Update: variable implementation of the 2018 UKCGG/UKGTN guidelines for breast cancer gene panel tests offered by UK genetics services.

J Med Genet 2021 Aug 10;58(8):579-580. Epub 2021 Feb 10.

South West Thames Regional Genetic Services, St George's University Hospitals NHS Foundation Trust, London, UK

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http://dx.doi.org/10.1136/jmedgenet-2020-107529DOI Listing
http://www.ncbi.nlm.nih.gov/pmc/articles/PMC8327314PMC
August 2021

CanRisk Tool-A Web Interface for the Prediction of Breast and Ovarian Cancer Risk and the Likelihood of Carrying Genetic Pathogenic Variants.

Cancer Epidemiol Biomarkers Prev 2021 03 17;30(3):469-473. Epub 2020 Dec 17.

Centre for Cancer Genetic Epidemiology, Department of Public Health and Primary Care, University of Cambridge, Cambridge, United Kingdom.

Background: The CanRisk Tool (https://canrisk.org) is the next-generation web interface for the latest version of the BOADICEA (Breast and Ovarian Analysis of Disease Incidence and Carrier Estimation Algorithm) state-of-the-art risk model and a forthcoming ovarian cancer risk model.

Methods: The tool captures information on family history, rare pathogenic variants in cancer susceptibility genes, polygenic risk scores, lifestyle/hormonal/clinical features, and imaging risk factors to predict breast and ovarian cancer risks and estimate the probabilities of carrying pathogenic variants in certain genes. It was implemented using modern web frameworks, technologies, and web services to make it extensible and increase accessibility to researchers and third-party applications. The design of the graphical user interface was informed by feedback from health care professionals and a formal evaluation.

Results: This freely accessible tool was designed to be user friendly for clinicians and to boost acceptability in clinical settings. The tool incorporates a novel graphical pedigree builder to facilitate collection of the family history data required by risk calculations.

Conclusions: The CanRisk Tool provides health care professionals and researchers with a user-friendly interface to carry out multifactorial breast and ovarian cancer risk predictions. It is the first freely accessible cancer risk prediction program to carry the CE marking.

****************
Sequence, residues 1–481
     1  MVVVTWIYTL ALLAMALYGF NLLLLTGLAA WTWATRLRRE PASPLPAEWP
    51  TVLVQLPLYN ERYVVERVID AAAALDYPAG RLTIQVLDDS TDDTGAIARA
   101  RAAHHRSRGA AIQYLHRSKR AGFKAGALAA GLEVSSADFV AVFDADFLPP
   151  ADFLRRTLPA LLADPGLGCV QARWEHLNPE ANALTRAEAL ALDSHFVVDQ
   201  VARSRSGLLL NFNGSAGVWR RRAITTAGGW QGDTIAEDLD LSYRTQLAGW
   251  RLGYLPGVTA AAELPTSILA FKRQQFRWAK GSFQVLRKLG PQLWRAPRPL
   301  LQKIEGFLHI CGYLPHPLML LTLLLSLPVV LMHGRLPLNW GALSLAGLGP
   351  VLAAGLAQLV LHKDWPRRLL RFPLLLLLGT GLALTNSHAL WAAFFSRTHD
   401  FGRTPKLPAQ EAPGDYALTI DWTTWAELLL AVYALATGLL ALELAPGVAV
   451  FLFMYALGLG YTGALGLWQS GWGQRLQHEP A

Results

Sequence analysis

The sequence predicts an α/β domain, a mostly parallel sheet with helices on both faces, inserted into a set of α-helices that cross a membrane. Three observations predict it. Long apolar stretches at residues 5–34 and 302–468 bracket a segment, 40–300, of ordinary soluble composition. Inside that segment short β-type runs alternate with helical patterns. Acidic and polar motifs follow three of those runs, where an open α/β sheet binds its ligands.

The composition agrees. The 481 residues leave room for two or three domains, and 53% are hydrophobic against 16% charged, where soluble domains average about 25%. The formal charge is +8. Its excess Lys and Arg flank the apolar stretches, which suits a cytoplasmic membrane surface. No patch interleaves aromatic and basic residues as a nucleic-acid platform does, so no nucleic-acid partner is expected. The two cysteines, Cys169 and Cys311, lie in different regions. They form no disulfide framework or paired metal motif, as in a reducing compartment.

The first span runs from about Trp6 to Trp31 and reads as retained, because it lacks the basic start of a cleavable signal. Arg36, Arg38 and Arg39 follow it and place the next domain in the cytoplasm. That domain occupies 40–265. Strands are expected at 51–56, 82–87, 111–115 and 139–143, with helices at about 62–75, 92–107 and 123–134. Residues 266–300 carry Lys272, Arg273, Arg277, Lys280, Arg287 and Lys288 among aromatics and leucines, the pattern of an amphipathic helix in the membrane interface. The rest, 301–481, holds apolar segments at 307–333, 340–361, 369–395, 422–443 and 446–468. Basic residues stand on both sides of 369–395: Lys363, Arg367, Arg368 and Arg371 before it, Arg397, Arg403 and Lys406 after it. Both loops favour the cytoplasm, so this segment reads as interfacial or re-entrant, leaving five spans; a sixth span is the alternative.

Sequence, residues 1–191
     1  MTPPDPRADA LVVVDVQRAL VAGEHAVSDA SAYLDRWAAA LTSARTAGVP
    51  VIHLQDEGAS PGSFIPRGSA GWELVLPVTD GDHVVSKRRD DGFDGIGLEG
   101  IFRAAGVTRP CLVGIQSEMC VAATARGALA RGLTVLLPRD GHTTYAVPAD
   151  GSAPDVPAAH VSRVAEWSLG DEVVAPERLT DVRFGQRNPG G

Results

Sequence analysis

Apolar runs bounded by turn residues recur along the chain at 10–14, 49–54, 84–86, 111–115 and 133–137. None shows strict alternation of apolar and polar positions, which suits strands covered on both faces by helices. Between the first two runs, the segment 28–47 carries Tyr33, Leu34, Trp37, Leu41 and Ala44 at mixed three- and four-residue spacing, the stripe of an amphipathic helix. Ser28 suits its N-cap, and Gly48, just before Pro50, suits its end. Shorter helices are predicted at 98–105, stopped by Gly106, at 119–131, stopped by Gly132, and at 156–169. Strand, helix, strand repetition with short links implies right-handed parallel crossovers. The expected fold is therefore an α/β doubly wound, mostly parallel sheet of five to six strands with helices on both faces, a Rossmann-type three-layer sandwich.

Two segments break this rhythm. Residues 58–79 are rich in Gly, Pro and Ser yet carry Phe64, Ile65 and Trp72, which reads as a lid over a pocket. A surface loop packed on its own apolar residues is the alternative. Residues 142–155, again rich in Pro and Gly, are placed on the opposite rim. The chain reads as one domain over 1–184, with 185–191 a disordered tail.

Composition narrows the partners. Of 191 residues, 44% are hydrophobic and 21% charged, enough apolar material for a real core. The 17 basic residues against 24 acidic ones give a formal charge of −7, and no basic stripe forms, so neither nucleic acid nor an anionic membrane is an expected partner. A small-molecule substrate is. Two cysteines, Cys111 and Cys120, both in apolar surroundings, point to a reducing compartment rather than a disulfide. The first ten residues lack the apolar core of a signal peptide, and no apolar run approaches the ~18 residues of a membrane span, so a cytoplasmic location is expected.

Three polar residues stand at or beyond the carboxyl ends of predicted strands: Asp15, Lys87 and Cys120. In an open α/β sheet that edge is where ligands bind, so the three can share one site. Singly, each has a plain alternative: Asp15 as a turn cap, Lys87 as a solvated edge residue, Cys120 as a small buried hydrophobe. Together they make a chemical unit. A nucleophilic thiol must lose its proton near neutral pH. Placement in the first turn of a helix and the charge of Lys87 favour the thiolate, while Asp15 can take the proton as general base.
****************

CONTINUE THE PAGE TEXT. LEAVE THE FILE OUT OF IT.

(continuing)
Impact: There have been over 3,100 account registrations, and 98,000 breast and ovarian cancer risk calculations have been run within the first 9 months of the CanRisk Tool launch.
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http://dx.doi.org/10.1158/1055-9965.EPI-20-1319DOI Listing
http://www.ncbi.nlm.nih.gov/pmc/articles/PMC7611188PMC
March 2021

A no-deal Brexit will be detrimental to people with rare diseases.

Lancet 2021 01 11;397(10268):20. Epub 2020 Dec 11.

The Federation of Esophageal Atresia and Tracheo-esophageal Fistula Support Groups, Stuttgart, Germany.

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http://dx.doi.org/10.1016/S0140-6736(20)32631-3DOI Listing
January 2021

Hereditary Diffuse Gastric Cancer: Approaches to Screening, Surveillance, and Treatment.

Annu Rev Med 2021 01 20;72:263-280. Epub 2020 Nov 20.

MRC Cancer Unit, University of Cambridge, Cambridge CB2 0XZ, United Kingdom; email:

Hereditary diffuse gastric cancer (HDGC) is a cancer syndrome associated with a significant lifetime risk of diffuse gastric cancer (DGC), a malignancy characterized by late clinical presentation and poor prognosis, as well as lobular breast cancer. HDGC is linked to germline pathogenic variants in the E-cadherin gene () that are inherited in an autosomal dominant pattern; however, in many families with DGC clustering, no genetic cause has been identified. This review discusses key elements that allow risk assessment of potential inherited DGC susceptibility. We provide a practical overview of the recommendations for surveillance and treatment of individuals at risk and patients with early disease. The review also outlines future research avenues to improve our understanding of the genetic background and natural history of the disease, the endoscopic detection of early lesions, and the outcome of prophylactic surgery in young individuals.